How Allan Sekula straddled truth and artiface
A new exhibition takes us into the wings of Allan Sekula’s critically engaged photography of the ‘70s.
It would be interesting to hear Allan Sekula’s thoughts on the state of the world today. In an age ruled by rapid information consumption and the numbing effect which accompanies it, his works strike a disarming tone of relevance. Perhaps now, more than ever.
With a wry wit, and often alarmist humour, Allan Sekula spent a lifetime straddling the worlds of truth and artiface across a variety of mediums. His criticisms heavily focused on the West’s malfunctioning distribution of global wealth and corporate power; it fought for the rights of workers, and challenged the ways in which capitalist globalisation has radically rocked our worlds. He did so with his seminal photographic essays, which became prolific in the way we have come to discuss photography as both a medium of documentary, and fine art. Often intertwining the uses of staged and documentary imagery to flatten the photographic canon, his works screamed vivid reflections of the inflammatory times they captured.
Allan Sekula was a lot of things, and covered a vast array of topics, but he never went about doing so quietly. He often recognised that volatile times require volatile reactions, and figured that the best way to draw attention to the world’s perpetual state of turbulence, was to do so with volume. His works were — and still are — loud; they scream at you, they take hold of your every molecule of self-doubt, and light a fire under your arse. They ask better of you, of me, and of the institutions which represent us. And now you have an opportunity to go and see them in the flesh.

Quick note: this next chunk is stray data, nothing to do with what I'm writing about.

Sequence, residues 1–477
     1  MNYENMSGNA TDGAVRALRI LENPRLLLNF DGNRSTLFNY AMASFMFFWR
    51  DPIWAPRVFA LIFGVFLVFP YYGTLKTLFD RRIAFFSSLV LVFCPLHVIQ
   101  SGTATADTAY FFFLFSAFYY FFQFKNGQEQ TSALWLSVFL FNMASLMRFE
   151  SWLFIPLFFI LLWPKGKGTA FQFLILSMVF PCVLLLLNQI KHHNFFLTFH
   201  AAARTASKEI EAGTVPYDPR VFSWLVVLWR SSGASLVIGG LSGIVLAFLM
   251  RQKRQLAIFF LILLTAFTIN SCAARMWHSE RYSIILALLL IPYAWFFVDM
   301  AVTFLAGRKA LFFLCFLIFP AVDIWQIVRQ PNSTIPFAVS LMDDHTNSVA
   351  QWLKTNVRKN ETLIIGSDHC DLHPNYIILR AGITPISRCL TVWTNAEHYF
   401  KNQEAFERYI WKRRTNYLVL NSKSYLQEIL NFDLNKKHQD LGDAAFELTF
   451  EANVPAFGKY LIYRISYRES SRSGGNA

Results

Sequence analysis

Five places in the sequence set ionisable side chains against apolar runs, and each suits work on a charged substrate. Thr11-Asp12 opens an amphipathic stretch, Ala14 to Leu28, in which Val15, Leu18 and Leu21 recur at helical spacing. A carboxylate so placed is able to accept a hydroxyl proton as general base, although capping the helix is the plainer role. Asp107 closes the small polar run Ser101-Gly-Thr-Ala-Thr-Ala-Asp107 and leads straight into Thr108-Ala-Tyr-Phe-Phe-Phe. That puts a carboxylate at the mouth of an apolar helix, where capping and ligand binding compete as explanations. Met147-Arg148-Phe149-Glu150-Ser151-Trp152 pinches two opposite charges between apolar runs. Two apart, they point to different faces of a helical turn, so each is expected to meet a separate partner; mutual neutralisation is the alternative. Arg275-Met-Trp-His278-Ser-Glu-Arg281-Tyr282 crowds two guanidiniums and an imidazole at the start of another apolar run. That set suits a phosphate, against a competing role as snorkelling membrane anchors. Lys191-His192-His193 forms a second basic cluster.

His latest exhibition, Photography, A Wonderfully Inadequate Medium, covers three of his most powerful pre-internet works of the ‘70s. On show at London’s Marian Goodman Gallery until the 18th of May, the exhibition guides us through studies of his native California in California Stories (1973–1975), as well as This Ain’t China: A Photonovel (1974), and Performance under Working Conditions (1973) — both of which track poor working conditions among workers in shotty working environments, and speak for an array of Sekula’s wider multimedia cultural criticisms.
While Sekula aimed a considerable measure of his efforts at documenting labour in the face of globalised capitalism, his relevance today comes more from his focus on our relationship with the internet, and the ways in which tech giants have turned the page on capitalism. He balanced his criticisms with sprawling metaphors like the ocean, to depict the ways in which the internet, like the sea, is a boundless, stateless vessel of globalisation, difficult to pin down, govern, or decipher from our lives on land.
You can see reflections of our attitudes towards today’s internet in his photographic essays, such as Fish Story, or in the case of his show at Marian Goodman, the triptych Dear Bill Gates (1999), which pictures Sekula himself, floating in front of Bill Gates’ house. Arguably, the work is some of Sekula’s most relatable, and probably remarkable, in the way that in encapsulates the essence of much of his cultural theory, and conceptualises and politicises the worlds he spent a lifetime cross-pollinating.
Much like the way he entangled the ambiguity of documentary and art, his works underscore the ways in which we find it difficult to decipher whether our lives in the real world, and online, are all that different. Do they need to relate to each other in the ways that so many have theorised? Or, perhaps, the two have become so intertwined, that they are now the same thing.
Allan Sekula’s Photography, A Wnderfully Inadequate Medium will be on show at Marian Goodman Gallery in London, until the 18th of May.